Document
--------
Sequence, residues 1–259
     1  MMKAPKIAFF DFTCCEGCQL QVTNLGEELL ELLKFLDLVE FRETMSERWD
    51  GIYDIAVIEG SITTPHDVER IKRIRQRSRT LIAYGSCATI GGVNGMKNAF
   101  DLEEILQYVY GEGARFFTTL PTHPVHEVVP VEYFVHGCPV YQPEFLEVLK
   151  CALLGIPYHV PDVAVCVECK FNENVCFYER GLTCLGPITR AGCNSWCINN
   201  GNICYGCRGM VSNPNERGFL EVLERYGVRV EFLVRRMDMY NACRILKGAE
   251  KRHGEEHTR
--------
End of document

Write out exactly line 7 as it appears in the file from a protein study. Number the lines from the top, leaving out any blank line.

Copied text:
   251  KRHGEEHTR